Another guideline to follow this season is to eat foods according to their energetic qualities. Chinese Nutrition offers different dimensions in food analysis than Western Nutrition. Chinese Nutrition does not focus on counting calories, carbohydrates, fats, proteins and other biochemical natures of food. Rather, it classifies food according to its energetic temperature, taste, ability to moisten and strengthen, calm the mind and reduce accumulations. There are five temperatures of food to consider – hot, warm, neutral, cool and cold. The hot and warm temperatures dispel cold and warm the body. It includes foods such as ginger, garlic, chicken and lamb. The cool and cold properties clear heat, reduce toxins and generate body fluids. Cooling foods include a wide variety of vegetables, fresh fruits and juices. As you can perceive, the types of foods that should be incorporated more into the summer diets are cooling foods. For those salad lovers out there, this is a good time to enjoy a light refreshing summer vegetable or fruit salad. Have you ever noticed during those hot summer days, all you crave is a light and cooling meal? Your body is trying to tell you something!
The following is a list of foods that can help prevent dehydration and alleviate thirst – Watermelon, Apricot, Cantaloupe, Grapefruit, Lemon, Orange, Tomato, Asparagus, Sprouts (alfalfa, mung bean), Bamboo, Beets, Bok Choy, Broccoli, Chinese Cabbage, Corn, Cucumber, White Mushroom, Snow pea, Spinach, Summer Squash ( Zucchini), Turnip, Watercress, Millet, Pearl Barely, Mung Bean, and Lentil.
Other helpful tips for the summer season:
Keep a pitcher of water with slices of lemon and/or cucumber around the house for you and your family to enjoy. Blend some watermelon with water to make a delicious watermelon juice drink.
Cook with small amounts of spicy or pungent spices to balance the cooling properties of foods.
Eat in moderation. Over consumption of any food, especially cooling foods, can lead to food stagnation and phlegm accumulation, which leads to sluggishness and possibly diarrhea.
Do not leave your food out for too long. The hot weather tends to increase food spoilage.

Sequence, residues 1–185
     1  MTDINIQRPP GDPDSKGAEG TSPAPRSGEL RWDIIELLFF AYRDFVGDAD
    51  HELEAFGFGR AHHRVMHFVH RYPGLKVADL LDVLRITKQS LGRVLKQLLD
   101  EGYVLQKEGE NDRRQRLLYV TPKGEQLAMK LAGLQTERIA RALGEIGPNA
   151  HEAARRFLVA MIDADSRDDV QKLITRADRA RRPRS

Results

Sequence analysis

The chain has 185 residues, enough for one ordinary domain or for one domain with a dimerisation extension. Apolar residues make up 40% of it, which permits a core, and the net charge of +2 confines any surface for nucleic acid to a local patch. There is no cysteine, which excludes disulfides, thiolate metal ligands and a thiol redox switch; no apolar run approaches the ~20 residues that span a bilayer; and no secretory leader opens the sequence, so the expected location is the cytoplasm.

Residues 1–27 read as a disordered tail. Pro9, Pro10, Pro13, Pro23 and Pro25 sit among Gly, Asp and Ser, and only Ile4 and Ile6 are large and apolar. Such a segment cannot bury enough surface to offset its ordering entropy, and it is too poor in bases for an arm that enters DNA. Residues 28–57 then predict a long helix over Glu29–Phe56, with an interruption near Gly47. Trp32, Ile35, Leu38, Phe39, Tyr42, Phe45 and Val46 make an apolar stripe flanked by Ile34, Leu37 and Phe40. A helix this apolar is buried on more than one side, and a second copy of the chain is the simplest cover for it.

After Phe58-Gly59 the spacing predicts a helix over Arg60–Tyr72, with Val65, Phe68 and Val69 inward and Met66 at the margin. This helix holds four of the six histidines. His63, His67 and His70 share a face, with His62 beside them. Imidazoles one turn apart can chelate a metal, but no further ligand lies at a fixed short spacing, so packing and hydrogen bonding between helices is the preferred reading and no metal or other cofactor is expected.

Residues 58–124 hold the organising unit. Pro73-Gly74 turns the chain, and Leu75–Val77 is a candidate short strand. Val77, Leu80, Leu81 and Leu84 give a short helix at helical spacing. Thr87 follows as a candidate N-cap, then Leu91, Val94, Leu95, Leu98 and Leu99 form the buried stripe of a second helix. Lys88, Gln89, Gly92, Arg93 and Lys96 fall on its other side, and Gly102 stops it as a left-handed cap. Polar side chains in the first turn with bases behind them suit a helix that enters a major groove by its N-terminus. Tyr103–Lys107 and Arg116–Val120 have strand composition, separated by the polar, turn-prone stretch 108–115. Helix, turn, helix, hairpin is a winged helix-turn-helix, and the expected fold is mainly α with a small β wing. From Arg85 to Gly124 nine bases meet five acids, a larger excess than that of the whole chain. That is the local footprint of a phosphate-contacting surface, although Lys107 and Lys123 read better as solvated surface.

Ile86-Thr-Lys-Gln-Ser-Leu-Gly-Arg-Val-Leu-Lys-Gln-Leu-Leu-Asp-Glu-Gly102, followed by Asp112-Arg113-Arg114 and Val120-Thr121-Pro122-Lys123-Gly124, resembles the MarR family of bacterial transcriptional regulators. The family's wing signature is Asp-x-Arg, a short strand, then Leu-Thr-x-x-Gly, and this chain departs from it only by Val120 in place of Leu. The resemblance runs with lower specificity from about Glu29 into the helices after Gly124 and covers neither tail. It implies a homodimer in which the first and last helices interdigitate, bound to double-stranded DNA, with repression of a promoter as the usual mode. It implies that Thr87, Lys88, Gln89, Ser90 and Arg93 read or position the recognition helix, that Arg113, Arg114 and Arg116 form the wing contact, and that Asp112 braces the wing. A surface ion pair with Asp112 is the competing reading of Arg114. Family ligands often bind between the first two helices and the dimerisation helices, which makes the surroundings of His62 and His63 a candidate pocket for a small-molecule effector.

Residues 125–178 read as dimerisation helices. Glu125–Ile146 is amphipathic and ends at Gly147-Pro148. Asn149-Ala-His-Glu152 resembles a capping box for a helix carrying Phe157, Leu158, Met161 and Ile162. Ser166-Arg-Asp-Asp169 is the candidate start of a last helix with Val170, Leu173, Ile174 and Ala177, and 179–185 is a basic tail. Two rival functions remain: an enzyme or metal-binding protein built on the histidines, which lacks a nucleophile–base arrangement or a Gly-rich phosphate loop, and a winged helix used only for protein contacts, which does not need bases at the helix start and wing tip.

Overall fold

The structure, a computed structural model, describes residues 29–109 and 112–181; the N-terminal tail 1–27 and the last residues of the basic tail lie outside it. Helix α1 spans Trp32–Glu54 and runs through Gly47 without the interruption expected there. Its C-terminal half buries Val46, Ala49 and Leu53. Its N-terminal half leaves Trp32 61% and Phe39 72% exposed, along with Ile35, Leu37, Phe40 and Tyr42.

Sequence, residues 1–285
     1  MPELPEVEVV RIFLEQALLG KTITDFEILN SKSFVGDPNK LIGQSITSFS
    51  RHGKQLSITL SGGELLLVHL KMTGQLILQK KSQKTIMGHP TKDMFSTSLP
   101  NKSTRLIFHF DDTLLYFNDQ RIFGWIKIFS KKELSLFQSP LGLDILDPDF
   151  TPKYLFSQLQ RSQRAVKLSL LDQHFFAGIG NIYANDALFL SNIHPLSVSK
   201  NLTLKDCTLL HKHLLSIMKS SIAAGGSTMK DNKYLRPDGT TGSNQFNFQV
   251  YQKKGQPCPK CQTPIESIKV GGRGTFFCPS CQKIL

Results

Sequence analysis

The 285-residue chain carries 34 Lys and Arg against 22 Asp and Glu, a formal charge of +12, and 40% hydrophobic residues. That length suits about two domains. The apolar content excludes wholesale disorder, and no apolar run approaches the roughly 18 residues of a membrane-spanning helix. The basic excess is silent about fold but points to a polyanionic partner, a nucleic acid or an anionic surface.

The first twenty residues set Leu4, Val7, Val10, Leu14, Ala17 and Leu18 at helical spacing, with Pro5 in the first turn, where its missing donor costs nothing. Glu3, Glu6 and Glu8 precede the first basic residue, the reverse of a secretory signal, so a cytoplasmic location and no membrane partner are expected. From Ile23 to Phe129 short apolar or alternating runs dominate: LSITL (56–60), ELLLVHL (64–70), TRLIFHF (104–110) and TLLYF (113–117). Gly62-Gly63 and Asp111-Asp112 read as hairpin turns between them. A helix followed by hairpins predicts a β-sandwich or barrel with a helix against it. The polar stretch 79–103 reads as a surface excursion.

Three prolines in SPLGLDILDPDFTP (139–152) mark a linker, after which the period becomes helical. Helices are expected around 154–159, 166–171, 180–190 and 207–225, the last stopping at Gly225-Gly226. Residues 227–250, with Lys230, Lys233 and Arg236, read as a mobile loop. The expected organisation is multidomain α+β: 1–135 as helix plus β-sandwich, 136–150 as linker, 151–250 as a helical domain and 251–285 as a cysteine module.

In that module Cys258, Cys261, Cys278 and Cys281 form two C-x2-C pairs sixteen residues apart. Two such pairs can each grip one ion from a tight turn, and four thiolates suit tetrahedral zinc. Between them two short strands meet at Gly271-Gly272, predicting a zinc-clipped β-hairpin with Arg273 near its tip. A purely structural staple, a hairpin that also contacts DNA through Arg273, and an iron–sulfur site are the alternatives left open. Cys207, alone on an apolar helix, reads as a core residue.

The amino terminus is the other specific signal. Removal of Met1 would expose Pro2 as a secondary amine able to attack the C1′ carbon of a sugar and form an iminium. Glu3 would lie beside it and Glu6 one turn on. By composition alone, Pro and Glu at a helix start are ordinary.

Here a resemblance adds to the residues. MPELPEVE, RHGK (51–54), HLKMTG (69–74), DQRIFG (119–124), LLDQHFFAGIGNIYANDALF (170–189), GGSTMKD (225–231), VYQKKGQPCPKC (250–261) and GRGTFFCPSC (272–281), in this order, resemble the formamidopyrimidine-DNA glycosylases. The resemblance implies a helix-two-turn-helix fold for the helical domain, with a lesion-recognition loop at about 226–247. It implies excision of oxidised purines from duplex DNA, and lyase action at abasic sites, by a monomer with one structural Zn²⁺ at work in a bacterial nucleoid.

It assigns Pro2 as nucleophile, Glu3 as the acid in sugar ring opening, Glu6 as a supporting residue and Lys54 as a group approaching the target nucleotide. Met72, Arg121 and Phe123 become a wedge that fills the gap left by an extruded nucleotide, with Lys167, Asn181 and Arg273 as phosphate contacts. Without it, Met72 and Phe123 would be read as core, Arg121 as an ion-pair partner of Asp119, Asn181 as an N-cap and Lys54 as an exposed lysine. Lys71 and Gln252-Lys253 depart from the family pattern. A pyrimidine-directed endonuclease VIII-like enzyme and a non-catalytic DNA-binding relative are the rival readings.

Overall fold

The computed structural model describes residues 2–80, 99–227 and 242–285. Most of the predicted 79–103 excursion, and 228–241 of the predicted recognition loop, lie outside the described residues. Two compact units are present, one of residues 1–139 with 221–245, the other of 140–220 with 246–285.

Stay away from dairy, heavy, greasy, fried foods.
Keep in mind that these are general summer nutrition tips for everyone. It is important to acknowledge that you are your own unique individual. Your diet should reflect this principle regardless of the season.
And don’t forget to consult your physician or pharmacist about important side effects of medications that may affect your water metabolism, exposure to sun and/or food addition to your diet.
One patient’s experience:
“I started acupuncture with Evelynne in the summer of 2010. I have a recurring problem with eczema, mostly only in the summer. I have had the problem for years and tried MANY topical medications (and even some pills) but none gave me relief. The itching in my scalp was very intense and most embarrassing I would occasionally get a rash on my face. Evelynne had told me that ‘acupuncture is a PROCESS’ and during my first visit I had a lot of hope; I admit that the results were not immediate and after about 6 treatments I was kind of disappointed. But flash forward 1 year, after steady treatment I am ecstatic that I have had no itching or rash!” — Kris P, age 38
Evelynne’s note: Acupuncture has been known to help with a wide variety of disorders including eczema. Herbs in conjunction with acupuncture can have a more powerful effect in treating the root of the cause. If your eczema tends to be dry, red, and itchy an acupuncturist would label it as a “wind heat” problem; if your eczema is moist, oozing fluid, red, and itchy we would see it as a “damp heat” problem.
Often eczema develops at an early age in conjunction with allergic asthma. What’s interesting is that the Chinese Lung — not to be confused with the actual organ-lung – is related to the skin. The Chinese Lung is linked to the pores and the Chinese Kidney is said to nourish and moisten the skin. Acupuncture will both treat your symptoms as well as treat the underlying causes of your condition. Duration of treatment will depend on each individual case.
A key factor to strong health is good nutrition – yet many of us struggle to break unhealthy eating habits that pull us away from a balanced diet. What drives a person to overeat or crave a particular food can be related to imbalances in our metabolism. In reality, we each respond differently to particular foods – some crave ice cream, chocolate or sweets, others salty chips, or fatty meats.
Anyone, from atheletes to invalids, can reduce cravings and binge-eating if you bring your metabolism into balance. Traditional Chinese Medicine (TCM) which includes Acupuncture, employs a remarkable system of pattern diagnosis that enables a trained professional to understand differences in your particular constitution, or physiological patterns. Once you are properly diagnosed, the practitioner can apply a series of treatments that will balance your particular physiology and strengthen your digestive system which will in turn, help your metabolism and appetite while eliminating unhealthy food cravings or patterns of over-eating.
People are always looking for the next solution or the latest phenomena in hopes of achieving their dietary goals, but TCM has many advantages that offer long-lasting benefit:
- Good Digestion: Over time, irregular eating habits take their toll on digestion. Symptoms like gas, bloating, heartburn, constipation or diarrhea are all signs that the digestive system is out-of-balance. Once these symptoms are eliminated and proper digestion resumes, then your body can get the proper nutrients from food so you feel less hungry.